Longevity Futures: Reverse Aging
Leslie J. Farer
In the past, halting the aging process was the goal of longevity enthusiasts. Now, research shows that it is possible to not just stop, but to reverse some of the infirmities associated with growing older and rejuvenate age-damaged tissues. Ensuring the integrity of telomeres, small segments of repeating DNA at the ends of our chromosomes that decay with time, has the potential to greatly extend youthful vitality and vibrant health. A novel concentrated plant extract known as TA-65 acts at the genetic level to maintain the structure of DNA, restore cellular function, and possibly keep you years younger than your chronological age.
What are Telomeres?
Telomeres are strips of DNA located at the ends of chromosomes. They are composed of a few hundred or more repeats of the nucleotide sequence TTAGGG (1,2) (where T= thymine; A = adenine; G= guanine). They act as protective ‘caps’ preventing loss of DNA, and also guard against fusing, fraying and unraveling of chromosomes, (1,3,4) which can expose and damage the genetic material and cause mutations.
Since investigators in the 1930’s coined the term telomere (from the Greek telos for ‘end’ and meros for ‘part’), a massive amount of research has been undertaken to explore the structure and function of these important chromosomal caps. More than 8,000 scientific papers have been written and the 2009 Nobel Prize in physiology and medicine was awarded to three scientists for their work involving telomeres.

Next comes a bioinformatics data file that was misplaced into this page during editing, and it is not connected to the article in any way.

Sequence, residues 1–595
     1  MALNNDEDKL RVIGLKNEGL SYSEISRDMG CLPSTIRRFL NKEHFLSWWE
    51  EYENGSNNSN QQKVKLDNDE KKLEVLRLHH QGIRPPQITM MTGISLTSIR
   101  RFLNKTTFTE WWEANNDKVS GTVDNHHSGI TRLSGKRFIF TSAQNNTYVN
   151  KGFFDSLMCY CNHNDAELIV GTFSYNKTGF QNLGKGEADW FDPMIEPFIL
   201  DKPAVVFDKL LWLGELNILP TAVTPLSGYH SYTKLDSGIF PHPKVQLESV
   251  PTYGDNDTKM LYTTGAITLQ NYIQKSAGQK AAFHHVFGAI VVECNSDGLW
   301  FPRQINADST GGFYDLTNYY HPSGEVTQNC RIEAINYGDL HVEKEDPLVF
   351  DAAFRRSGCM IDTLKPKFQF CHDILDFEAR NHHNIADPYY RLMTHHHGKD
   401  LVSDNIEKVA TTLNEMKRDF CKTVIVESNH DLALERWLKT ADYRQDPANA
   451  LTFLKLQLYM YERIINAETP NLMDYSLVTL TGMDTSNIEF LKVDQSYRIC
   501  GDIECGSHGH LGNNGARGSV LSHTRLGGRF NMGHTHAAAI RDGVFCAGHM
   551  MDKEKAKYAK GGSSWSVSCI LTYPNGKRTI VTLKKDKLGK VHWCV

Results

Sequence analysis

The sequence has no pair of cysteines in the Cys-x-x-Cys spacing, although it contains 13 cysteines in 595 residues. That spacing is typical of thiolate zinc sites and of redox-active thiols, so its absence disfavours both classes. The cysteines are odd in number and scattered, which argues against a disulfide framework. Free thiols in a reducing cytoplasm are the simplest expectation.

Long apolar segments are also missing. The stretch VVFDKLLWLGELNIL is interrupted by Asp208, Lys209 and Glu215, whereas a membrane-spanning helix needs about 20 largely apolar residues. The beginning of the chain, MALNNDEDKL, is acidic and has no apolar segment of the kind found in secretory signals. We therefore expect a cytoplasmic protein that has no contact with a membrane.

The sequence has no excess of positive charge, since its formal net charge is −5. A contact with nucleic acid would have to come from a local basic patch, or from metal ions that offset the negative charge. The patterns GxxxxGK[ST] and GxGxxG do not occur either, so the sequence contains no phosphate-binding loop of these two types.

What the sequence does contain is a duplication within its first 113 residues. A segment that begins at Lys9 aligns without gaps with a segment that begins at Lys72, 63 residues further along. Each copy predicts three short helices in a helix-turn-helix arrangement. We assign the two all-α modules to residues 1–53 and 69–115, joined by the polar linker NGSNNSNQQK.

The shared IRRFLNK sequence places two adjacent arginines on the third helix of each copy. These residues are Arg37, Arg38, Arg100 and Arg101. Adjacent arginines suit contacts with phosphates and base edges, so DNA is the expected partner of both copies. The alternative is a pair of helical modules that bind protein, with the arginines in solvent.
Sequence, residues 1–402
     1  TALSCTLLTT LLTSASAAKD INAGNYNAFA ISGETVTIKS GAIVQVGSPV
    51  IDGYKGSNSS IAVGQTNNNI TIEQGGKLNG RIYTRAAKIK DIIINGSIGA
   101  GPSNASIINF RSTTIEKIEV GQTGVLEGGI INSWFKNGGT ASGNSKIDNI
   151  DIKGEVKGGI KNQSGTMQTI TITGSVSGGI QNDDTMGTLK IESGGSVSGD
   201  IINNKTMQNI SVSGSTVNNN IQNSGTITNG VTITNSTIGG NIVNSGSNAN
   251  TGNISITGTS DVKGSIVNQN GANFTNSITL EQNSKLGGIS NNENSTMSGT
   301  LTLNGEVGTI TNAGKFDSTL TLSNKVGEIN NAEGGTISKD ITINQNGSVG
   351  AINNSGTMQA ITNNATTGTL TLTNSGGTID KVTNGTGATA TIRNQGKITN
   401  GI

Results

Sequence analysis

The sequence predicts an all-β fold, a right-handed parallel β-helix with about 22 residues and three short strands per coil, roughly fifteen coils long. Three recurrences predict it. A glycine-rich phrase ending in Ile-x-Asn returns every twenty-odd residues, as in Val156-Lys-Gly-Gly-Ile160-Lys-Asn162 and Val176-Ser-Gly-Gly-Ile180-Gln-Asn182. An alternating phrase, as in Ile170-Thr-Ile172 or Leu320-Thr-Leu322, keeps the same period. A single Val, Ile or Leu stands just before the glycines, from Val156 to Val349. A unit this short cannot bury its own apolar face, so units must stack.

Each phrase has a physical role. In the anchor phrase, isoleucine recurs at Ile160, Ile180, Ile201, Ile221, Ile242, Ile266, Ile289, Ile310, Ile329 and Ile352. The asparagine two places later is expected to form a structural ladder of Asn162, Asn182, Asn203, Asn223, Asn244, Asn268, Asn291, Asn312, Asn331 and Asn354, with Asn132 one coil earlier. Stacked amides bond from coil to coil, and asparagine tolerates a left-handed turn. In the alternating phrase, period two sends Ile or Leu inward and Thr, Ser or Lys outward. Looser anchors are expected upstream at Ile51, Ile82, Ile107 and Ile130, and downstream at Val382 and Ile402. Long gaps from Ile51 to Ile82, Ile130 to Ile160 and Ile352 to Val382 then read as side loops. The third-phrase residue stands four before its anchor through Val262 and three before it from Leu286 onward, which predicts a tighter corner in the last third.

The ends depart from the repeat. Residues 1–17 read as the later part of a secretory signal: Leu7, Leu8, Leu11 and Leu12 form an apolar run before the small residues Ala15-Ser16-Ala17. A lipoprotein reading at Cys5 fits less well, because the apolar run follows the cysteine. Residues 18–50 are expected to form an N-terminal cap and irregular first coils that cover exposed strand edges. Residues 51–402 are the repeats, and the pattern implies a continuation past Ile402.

Hayflick’s Fifty Year-Old Observation
Back in the 1960’s, geneticist Leonard Hayflick observed dividing human cells and made an important discovery that had a substantial impact on the future of anti-aging research. But before we examine his finding, let’s look very briefly at cell division, or mitosis ─ a fundamental, genetically-controlled process that enables a cell to duplicate itself, including chromosomes (through the process of DNA replication), to form two identical ‘daughter’ cells. Cell division allows an organism to develop and differentiate into an adult from multiple progressive stages beginning with the initial union of reproductive cells (the germ cells, egg and sperm), and after growth and birth, to construct and repair tissues.
Hayflick reported that human cells cultured under perfect conditions in his lab divided only a finite number of times in a progressive course leading to replicative senescence, (5) when they stop dividing altogether and become dysfunctional (the term senescence is roughly equivalent to ‘aged.’). Once cells have reached their proliferation maximum, or so-called Hayflick limit, they stop functioning properly or die through the process of apoptosis. (1,6,7)
Why do cells stop dividing when they reach their Hayflick limits? Is there a cellular mechanism that monitors and counts each cell division up until the final one? And does Hayflick’s observation have any relevance to aging?
In the early 1970’s, Russian scientist Alexey Olovnikov began to answer some of these questions ─ he made the connection between a DNA replication problem involving telomeres and the limitation on cell division reported by Hayflick.